Maryknoll Lay Missioner Jillian Foster in Haiti reflects on the power of faith to give meaning to suffering.
It was quite a humid walk on the way up to the village of Danti. Still early in the morning, the sun had yet to show its full face on us. In front of me was Father Janin and trailing along behind me were a couple of other people carrying packs. My own pack was soaking up all of the sweat on my back. The trek started in the riverbed below and continued straight up the mountain for nearly two hours. I had extra clothes and shoes in my bag, because who wants to go to Mass with a giant sweat blob on their back and red dirt caked on their soles?
Danti’s chapel, like all chapels and churches in Haiti, has a special feast day they celebrate. Danti’s is during the feast of St. Michael the Archangel. When a chapel or church has a feast day, or fèt, there is special music, several priests, pretty decorations, and, of course, everyone attends. Even with Danti situated on top of a mountain, the turnout was impressive. Everyone came: the band with their instruments walked up, people on neighboring mountains walked down and up, and folks followed the river from town and went up, just like me. This particular day saw us celebrating the Mass for three hours.
So why would people climb a mountain and hang out for three hours with no promise of food or anything beneficial to them? Especially with Danti basically being in the middle of nowhere. Especially since these people may barely be able to feed their kids every day, let alone send them to school. Especially when many look to the future with a hazy dream and silent hope that things might be better.
Faith is the answer, of course. And faith is not simply just belief. It is trust in something without evidence of its existence or fulfillment. In this case, their faith is in God, who asks us to be faithful.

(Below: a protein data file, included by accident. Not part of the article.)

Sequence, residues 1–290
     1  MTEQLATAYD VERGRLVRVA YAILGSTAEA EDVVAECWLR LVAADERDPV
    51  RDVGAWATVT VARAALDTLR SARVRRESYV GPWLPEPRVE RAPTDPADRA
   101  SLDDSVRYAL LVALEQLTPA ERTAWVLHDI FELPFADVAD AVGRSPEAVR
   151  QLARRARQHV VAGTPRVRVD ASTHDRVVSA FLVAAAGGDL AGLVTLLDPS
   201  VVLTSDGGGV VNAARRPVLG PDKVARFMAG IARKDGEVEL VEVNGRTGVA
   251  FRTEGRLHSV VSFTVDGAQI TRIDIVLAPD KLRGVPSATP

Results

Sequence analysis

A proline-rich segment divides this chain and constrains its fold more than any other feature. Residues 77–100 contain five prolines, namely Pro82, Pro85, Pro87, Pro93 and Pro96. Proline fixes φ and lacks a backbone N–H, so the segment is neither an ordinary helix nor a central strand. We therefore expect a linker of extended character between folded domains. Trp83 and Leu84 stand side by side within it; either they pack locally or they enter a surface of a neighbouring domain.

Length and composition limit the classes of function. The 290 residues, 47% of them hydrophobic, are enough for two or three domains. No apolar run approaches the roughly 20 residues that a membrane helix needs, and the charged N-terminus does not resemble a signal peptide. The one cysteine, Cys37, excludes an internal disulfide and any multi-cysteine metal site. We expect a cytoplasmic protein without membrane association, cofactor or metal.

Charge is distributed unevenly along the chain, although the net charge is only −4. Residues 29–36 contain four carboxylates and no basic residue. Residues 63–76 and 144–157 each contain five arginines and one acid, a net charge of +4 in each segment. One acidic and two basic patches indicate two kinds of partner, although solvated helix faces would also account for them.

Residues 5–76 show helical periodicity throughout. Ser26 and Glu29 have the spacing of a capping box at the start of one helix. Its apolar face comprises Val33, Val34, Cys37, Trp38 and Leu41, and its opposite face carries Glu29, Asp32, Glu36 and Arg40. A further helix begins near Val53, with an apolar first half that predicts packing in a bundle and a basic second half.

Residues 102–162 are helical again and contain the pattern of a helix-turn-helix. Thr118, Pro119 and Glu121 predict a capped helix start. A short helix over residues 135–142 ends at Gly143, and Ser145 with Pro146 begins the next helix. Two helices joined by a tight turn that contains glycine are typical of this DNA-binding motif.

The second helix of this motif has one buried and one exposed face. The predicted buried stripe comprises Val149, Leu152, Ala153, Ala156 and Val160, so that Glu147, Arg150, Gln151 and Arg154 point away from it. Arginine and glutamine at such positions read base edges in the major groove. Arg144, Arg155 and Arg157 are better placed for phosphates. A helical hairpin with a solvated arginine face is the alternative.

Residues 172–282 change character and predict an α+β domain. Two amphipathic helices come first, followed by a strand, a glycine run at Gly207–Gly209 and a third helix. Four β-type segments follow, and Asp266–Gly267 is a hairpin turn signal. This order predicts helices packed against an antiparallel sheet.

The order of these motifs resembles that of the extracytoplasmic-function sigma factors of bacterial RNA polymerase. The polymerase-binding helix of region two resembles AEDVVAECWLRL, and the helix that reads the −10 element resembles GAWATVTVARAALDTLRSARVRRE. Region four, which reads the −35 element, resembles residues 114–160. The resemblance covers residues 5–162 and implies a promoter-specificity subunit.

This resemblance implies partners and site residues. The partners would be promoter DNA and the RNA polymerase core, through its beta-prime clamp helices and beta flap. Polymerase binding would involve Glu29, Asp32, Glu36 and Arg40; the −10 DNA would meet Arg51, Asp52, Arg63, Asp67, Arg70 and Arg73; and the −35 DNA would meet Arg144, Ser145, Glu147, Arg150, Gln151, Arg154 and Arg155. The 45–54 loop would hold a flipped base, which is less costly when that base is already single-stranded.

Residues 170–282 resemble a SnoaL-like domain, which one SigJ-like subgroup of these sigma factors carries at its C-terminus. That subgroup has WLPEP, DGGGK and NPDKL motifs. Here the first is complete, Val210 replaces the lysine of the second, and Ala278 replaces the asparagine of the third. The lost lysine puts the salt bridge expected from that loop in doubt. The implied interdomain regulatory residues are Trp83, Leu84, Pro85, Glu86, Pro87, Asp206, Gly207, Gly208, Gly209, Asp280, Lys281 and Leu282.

God asks for faithfulness through the good and the bad. However, sometimes in the good times we do not think we need God’s help, and in the bad times we can blame God for all that is wrong in our lives.
Haiti is a country where the current government makes little to no strides to ensure the welfare of its constituents, where there is no basic health care system or social security and your family and neighbors are in the same boat. Here, God is the only one the people can trust. In good times and bad, God is watching over Haiti.
Haitians are a people of great and profound faith. People hike up a mountain for several hours to celebrate Mass for several more hours, only to have to go back down again because they do not put God on a timer. They pray fervently and they give thanks for the littlest of things, from the simple act of waking up in the morning to having a garden to work in.
Thanksgiving to God engrains itself into Haitian greetings, so much so that I myself feel a lack when I don’t tag on gras Bondye, or “thanks be to God,” in my own salutations.
I don’t want to mistake Haitians’ strong faith as an escape from the reality of the immense hardship they face, however. It is rather an expression of comfort and solidarity that gives meaning to their suffering. Together, the people here form a community and, with faith as a guide, work towards a better future. In today’s reading, Abraham’s faith is in a promise that went beyond his lifetime. And much like our father in faith, Haitians may not know when that better future will come, but they trust it will.
Maryknoll Lay Missioner Jillian Foster has served in Haiti since 2019.
Featured image: A mother and child are pictured in Haiti, Oct. 31, 2012. Maryknoll Lay Missioner Jillian Foster, who serves in Haiti, reflects on the Mass readings for the 19th Sunday in Ordinary Time in the context of her ministry there. (Alex Proimos, Wikimedia Commons/Haiti)